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Mailbox app: Rethinking labels (jarederondu.com)
6 points by jarederondu on Dec 13, 2012 | hide | past | web | favorite | 7 comments



Labels basically just allow for some flexibility in building your own email management system within an email application. People use labels in so many different ways. I see them used in some fairly creative way and I think that what is happening is essentially hacking an old system. There's probably some "pave the cow paths" type stuff that can be done with people are using these things. I think that's kind of what Mailbox is doing. Marking something to essentially deal with it later is pretty much labeling it with a "do later" (or whatever) label in a current email system. They're just making the act of adding that "label" more simple.

The stuff that gets me excited is the more smart, automated, learning management. Alto is messing with some pretty cool stuff in that area. Just the simple act of automatically bunching emails without me intervening is a really compelling feature I think. It sort of takes away the concept of one big inbox. That automatic separate leads to all sorts of possibilites from just personal organization to analyzing certain "stacks" (to use an Alto term). I really don't know is best, but I can say that I've enjoyed that feature of Alto quite a lot.

Overall, I love seeing new takes on how to deal with email. There's certainly room for improvement and certainly some problems that can be solved. Keep the new ideas comin'!


The label omission caught my eye as well, as that's a weak point of currently available iOS apps (official Gmail app being the best).

I use labels a lot, but not only for importance/order of dealing with things – I use them to categorize/filter out of inbox as well. Which then, yes I do apply importance to (I have a few minutes, let me look through these promo emails or all these emails from basecamp).

So basically I use the labels to do "bulk importance labeling", but I wouldn't want to auto-tag all those "holiday sale" emails to "Later", and then just have to deal with them again later.

Your usage description ("Instead of fooling yourself into thinking you’ll tackle this today, simply mark it to reappear tomorrow or next week – when you’ll actually respond.") sounds like it's only talking about person-to-person needs-action types of emails. I think myself and many other people have a wider range of usage for email.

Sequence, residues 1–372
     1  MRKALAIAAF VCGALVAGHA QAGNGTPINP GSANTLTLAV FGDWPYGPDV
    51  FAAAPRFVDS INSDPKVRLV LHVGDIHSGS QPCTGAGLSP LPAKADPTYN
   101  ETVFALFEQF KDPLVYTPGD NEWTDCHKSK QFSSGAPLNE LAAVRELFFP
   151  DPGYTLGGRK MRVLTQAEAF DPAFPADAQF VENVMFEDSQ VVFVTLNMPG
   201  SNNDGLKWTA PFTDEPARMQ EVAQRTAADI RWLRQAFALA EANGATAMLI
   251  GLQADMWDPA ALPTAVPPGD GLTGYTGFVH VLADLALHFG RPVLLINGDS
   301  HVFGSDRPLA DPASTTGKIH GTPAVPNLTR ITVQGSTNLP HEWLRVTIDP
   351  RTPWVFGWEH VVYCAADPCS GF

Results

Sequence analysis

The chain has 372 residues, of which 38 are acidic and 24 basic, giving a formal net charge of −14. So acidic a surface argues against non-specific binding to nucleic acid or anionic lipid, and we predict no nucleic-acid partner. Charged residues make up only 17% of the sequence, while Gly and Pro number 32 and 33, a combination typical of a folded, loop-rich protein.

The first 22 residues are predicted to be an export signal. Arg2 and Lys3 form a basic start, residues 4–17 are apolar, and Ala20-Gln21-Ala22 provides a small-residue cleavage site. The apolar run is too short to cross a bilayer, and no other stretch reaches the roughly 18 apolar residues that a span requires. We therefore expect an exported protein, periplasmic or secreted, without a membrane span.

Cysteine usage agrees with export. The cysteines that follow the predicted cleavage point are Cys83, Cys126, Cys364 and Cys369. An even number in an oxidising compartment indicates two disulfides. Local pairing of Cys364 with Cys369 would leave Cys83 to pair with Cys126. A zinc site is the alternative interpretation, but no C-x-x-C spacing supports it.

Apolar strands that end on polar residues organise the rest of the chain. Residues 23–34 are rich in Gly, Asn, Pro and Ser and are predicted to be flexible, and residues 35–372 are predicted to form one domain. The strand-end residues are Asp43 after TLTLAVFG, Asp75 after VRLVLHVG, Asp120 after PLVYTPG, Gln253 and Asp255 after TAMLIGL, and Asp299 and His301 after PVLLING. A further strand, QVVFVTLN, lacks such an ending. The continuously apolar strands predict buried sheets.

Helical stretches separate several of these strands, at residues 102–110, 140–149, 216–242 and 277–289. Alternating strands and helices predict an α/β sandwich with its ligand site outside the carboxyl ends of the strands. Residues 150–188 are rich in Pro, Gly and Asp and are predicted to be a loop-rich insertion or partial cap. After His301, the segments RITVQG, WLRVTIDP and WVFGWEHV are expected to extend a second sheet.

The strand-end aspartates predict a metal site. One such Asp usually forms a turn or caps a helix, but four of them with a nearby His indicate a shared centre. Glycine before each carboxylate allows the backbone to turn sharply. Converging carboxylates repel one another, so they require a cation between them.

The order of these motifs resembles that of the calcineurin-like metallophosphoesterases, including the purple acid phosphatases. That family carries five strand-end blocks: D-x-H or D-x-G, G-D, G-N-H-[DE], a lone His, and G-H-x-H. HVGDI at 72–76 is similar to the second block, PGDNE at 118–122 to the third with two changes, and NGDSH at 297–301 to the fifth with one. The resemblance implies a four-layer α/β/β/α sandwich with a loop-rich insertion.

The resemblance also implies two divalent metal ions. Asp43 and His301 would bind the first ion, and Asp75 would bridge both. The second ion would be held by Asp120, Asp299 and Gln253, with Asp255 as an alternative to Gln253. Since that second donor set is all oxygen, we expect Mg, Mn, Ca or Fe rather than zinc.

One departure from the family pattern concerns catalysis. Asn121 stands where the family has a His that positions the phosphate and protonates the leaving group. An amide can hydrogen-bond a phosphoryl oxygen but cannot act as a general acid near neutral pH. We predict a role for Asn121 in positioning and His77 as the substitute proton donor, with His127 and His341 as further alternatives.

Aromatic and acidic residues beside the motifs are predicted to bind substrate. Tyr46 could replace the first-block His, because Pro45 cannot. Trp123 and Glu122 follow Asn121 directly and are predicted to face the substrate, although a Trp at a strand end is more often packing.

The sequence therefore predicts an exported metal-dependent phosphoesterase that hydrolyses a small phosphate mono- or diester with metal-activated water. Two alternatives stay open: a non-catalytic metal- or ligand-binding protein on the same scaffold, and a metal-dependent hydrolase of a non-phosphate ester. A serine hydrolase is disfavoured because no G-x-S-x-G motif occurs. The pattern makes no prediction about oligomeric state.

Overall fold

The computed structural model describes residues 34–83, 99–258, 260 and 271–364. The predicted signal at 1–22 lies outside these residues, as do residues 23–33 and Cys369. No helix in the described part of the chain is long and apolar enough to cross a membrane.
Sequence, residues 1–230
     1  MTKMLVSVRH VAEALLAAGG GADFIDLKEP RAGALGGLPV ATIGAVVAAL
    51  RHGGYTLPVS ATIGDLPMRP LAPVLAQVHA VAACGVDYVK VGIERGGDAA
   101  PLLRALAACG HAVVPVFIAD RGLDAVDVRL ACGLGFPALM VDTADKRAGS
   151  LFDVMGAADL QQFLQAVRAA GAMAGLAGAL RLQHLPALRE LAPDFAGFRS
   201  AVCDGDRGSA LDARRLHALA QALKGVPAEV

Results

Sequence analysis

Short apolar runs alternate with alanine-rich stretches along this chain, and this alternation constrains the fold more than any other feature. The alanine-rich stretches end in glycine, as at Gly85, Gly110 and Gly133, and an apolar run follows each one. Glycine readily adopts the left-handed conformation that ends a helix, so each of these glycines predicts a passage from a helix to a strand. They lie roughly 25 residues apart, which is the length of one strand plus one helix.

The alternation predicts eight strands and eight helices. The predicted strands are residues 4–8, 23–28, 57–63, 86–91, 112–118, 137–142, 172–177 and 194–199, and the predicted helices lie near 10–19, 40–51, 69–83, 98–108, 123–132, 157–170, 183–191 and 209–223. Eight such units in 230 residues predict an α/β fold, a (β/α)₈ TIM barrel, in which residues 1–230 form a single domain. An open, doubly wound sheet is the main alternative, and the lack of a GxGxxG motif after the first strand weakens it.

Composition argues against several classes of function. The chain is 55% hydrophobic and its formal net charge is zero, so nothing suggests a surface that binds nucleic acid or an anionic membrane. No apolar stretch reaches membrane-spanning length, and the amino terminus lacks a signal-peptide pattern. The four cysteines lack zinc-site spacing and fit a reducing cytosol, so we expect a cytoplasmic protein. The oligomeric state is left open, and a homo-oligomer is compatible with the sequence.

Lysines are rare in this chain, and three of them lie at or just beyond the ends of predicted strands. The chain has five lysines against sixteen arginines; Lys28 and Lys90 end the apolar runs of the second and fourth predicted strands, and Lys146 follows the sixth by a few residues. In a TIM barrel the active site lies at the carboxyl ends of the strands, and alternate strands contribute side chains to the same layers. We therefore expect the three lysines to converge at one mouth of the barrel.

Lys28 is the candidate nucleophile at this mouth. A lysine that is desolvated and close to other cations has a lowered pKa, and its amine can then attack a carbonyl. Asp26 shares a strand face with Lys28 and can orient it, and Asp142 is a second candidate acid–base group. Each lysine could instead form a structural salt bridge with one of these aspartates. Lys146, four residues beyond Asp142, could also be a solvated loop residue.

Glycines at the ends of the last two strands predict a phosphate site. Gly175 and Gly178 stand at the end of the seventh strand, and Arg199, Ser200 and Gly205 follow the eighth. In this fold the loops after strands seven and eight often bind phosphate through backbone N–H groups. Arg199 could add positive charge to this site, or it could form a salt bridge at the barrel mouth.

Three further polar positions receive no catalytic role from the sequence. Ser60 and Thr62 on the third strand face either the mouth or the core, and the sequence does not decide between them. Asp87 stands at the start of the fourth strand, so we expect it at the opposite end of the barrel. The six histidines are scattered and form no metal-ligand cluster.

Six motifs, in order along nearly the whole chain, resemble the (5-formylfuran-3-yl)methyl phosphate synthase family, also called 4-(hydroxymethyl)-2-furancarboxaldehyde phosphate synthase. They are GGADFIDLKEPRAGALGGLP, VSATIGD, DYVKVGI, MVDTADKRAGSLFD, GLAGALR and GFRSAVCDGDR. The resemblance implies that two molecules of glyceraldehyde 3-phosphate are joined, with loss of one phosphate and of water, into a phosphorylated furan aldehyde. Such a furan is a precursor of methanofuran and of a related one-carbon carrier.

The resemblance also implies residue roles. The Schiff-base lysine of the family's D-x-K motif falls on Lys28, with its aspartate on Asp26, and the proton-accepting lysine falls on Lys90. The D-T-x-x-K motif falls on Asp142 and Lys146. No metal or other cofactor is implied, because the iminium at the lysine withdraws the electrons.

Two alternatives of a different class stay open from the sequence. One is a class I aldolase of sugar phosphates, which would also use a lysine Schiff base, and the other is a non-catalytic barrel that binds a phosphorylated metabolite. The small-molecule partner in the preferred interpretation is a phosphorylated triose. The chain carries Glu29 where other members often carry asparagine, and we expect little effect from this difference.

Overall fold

BUT that certainly doesn't mean Gmail's label approach is the only solution. But for people currently using labels a lot in Gmail, strong support for that paradigm is nice.


The challenge with moving email forward is to get people to forget about old conventions. The way we process email hasn't changes in a decade. We don't need labels. They're just another delay and way to save messages to continue our cluttered inboxes. Great article Jared!


I set up a smart folder as an inbox in OS X's Mail client. That smart folder only shows me unread email. The traditional inbox is so cluttered and broken. Everything gets the same weighted priority in my inbox and all based on time.

That doesn't work. Categorizations (labels)seems like a great way for me to use my inbox the same way as a GTD app. That's huge for me.

I get lost in my email and over-run pretty quickly, often missing things I need to do, or revisit. I think Mailbox is on to something here. People use their inbox as a todo list already, labels just makes it easier to pull off.

It's a pretty genius move.


Labels serve two purposes, really. The first being a form of organization: when I want to find a certain message, I can find it properly filed away under it's appropriate label.

The second is prioritization and "action markers." This is where labels aren't the optimal solution. Because the labels don't truly prioritize anything (your inbox doesn't get sorted by priority, except for "priority" and "everything else")--and it's a loosely ruled system--you need to define rules that result in actions to actually create priorities.

I think that's where Mailbox app will shine: it enforces a priority system. Whether or not it will eliminate the need for proper categorization for other purposes, though? I'm doubtful.


Ack you put this up while I was typing – totally agree.


I use labels for actually labelling things. 'University' 'Receipts' 'Work' 'Family' 'Registrations'. I have Gmail setup to automatically label all my emails. It's wonderful.




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